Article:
My virus scanner is running along with my CD writer and all of my installed programs.You can click in the security and reboot restrictions.You create a user account then reboot and log in to the new user.For my use,now,I shut off all restrictions and went for a cleared account at reboot.

BALTHOR
BALTHOR

I'm wondering if I can use this shared configuration to surf the web,download and try software.When I'm done the computer is returned to its original configuration.This might also be good for studying Internet danger zones or even for coverts.It would be real cool to be able to store my configuration on a CD or in a memory stick.

smarks51599
smarks51599

I have worked extensively with Clean Slate 5. It is a very good and stable program. To my knowledge, no one has hacked it. It also allows Windows Updates and anti-virus to update automatically. www.Fortresgrand.com

uu22_1978
uu22_1978

I also used DeepFreeze in my internet cafe and it's good. The only problem you have to deal with is it's incompatibilities to antivirus software though you don't need them. lol. If you need to upgrade your system there is an option to disable the tool when it restarts. It's good. I recommend it.

Greg Shultz
Greg Shultz

...Microsoft introduced a new feature in Windows Vista called Multiple Local Group Policy, which allows you to set different policies for different users on a stand-alone system. For more information see my article: Taking advantage of Windows Vista?s Multiple Local Group Policy feature http://blogs.techrepublic.com.com/window-on-windows/?p=502

wellsd
wellsd

You mean like a tool to try vista decide that it was the worst mistake that could have ever been unleashed upon your system and the all you have to do is reboot to get rid of the crappy "OS". (wouldn't that be a useful utility) But alas no such tool exists (other than virtualization software) But more to the point of the actual question. I am not currently aware of any such utility to give Vista the SharedState type of function. And I would assume that like every other program that is useful, that the XP version will most likely not work with Vista. But hey you may try it. It?s not like it could hurt the function of Vista if you are by some miracle able to install it.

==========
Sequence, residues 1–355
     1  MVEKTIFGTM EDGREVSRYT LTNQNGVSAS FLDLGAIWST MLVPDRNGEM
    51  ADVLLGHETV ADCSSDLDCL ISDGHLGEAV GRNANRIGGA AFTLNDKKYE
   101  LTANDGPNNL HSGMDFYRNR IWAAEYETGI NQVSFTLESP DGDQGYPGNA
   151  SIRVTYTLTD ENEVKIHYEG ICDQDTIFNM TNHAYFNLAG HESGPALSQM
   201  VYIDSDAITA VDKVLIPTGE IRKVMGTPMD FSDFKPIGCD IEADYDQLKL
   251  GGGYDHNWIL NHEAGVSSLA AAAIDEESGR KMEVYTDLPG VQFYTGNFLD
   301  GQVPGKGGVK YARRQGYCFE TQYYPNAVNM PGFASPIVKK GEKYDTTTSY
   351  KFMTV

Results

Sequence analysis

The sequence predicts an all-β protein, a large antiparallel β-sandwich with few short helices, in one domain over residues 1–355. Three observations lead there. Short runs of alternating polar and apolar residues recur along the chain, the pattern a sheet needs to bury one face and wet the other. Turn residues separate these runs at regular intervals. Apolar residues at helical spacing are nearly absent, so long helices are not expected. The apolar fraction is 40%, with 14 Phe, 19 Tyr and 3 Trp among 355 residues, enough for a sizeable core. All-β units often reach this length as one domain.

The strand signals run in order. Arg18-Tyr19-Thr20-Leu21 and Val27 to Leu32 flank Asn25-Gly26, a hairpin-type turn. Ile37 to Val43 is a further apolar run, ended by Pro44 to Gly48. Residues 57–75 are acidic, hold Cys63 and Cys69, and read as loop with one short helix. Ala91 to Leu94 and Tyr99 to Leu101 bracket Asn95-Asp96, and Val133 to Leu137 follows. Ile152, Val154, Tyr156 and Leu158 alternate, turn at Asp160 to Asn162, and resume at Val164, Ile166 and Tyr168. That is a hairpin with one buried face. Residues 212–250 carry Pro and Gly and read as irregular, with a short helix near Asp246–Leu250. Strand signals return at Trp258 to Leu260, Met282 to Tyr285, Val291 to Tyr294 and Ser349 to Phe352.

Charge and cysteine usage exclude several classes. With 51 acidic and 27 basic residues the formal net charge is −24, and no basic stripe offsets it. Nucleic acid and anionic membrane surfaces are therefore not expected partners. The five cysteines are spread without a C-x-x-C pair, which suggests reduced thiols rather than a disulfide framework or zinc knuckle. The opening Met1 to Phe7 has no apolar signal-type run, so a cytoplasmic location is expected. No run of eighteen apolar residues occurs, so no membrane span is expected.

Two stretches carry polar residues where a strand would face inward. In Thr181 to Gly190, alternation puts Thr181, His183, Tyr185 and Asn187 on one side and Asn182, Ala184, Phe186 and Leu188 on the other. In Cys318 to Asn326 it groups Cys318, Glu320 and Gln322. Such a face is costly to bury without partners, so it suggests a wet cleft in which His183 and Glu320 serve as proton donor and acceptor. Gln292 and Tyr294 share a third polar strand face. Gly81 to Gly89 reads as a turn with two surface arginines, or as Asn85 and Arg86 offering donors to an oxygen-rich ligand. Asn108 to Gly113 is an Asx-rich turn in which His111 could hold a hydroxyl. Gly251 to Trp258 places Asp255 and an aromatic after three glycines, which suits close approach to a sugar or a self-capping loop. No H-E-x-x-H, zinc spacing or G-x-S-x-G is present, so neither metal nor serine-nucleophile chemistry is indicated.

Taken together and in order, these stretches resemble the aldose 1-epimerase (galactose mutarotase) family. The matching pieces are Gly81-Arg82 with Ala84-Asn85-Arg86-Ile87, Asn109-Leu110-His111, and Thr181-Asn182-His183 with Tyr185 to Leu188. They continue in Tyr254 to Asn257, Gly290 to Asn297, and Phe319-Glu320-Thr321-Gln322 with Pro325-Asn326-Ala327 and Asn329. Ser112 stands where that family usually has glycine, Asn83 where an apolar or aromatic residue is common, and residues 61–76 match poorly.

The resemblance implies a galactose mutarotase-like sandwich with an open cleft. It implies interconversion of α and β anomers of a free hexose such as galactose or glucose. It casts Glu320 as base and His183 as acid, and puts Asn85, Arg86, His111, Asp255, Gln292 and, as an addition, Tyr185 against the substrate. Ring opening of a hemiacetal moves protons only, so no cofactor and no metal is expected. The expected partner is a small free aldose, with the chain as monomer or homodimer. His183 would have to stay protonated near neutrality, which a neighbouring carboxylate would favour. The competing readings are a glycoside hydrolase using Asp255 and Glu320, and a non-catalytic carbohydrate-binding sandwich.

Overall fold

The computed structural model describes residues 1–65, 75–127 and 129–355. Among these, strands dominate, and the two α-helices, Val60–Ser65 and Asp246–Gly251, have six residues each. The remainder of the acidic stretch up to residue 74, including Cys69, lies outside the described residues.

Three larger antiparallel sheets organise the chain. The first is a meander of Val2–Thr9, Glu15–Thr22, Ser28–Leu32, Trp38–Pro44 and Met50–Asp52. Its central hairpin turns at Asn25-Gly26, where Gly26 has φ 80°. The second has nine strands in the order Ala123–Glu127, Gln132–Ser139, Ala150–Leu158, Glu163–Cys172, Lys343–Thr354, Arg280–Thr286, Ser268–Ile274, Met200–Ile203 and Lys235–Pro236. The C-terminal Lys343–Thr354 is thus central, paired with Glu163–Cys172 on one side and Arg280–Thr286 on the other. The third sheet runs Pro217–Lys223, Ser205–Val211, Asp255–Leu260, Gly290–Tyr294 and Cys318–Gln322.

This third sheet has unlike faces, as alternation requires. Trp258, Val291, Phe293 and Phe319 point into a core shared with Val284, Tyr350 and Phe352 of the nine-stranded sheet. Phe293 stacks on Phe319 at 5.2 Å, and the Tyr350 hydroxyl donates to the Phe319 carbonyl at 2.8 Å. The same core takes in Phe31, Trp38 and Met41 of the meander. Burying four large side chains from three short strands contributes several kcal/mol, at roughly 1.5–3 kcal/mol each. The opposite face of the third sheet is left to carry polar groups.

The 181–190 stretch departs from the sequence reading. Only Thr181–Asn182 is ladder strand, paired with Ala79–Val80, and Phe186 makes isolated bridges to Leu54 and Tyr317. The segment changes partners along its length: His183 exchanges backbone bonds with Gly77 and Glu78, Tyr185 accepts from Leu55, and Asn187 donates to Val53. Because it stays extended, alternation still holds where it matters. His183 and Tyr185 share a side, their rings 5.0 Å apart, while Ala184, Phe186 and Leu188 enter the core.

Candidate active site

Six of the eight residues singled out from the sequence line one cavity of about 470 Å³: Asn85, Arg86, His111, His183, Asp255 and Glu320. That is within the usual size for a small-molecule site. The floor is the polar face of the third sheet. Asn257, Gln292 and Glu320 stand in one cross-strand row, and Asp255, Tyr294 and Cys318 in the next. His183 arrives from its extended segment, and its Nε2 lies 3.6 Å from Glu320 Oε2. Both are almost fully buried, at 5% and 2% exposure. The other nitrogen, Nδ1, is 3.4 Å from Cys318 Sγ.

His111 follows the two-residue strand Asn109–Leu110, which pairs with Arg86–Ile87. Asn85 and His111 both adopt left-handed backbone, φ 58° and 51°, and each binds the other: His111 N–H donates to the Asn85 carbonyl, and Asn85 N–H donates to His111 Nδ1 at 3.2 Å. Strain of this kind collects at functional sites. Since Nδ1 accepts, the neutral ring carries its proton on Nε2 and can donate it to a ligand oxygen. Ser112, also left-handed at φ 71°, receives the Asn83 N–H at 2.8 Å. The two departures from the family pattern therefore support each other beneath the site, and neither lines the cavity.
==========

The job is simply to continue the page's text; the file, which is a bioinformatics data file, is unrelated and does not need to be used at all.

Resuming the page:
eddie.navarro
eddie.navarro

I am planning to setup a small Intenet Cafe and the reason why I'm asking about the Windows SteadyState was it will be useful in restoring the original settings afeter the previous user has logged off. I haven't really fully explored Vista but do you think the Multiple Local Group Policy will solve my problem?

Mond0
Mond0

Every time the word "vista" appears the flameshooters come out. I thought we were a community of professionals, not a wad or knee-jerk reactionaries. So, let's climb down from the top of our little flag poles and put our heads together. It would be far more productive to try and come up with solutions, work-arounds, tips and tricks instead of "I hate Vista, too!"

rosshiuk
rosshiuk

glad I am not alone in disliking vista, I'll stick with xp pro. there was a great virtullization program for when you were on the net, (ie or firefox) callrf greenborder but google bought them up, google are rumoured to be using it in a security package to make surfin safer, we'll have to wait and see. STICK WITH XP, BIN THE VISTA!!!

fewiii
fewiii

No, I'm not a big fan of Vista, but it will only get better as we tip, trick, and tweak, NOT gripe, moan, and groan. AND make sure Microsoft hears us...

Mond0
Mond0

Glad that you see the humor in this. I bet the forums make you LMAO. I use Linux and Windows on a daily basis (I have to know them for my job) so I get to see both sides of the story. And, yes, there are fanatics on either side of the fence. But these individuals add nothing to the knowledgebase except white noise. (at least yours was pink :)

sprdave32
sprdave32

sorry I just couldn't resist...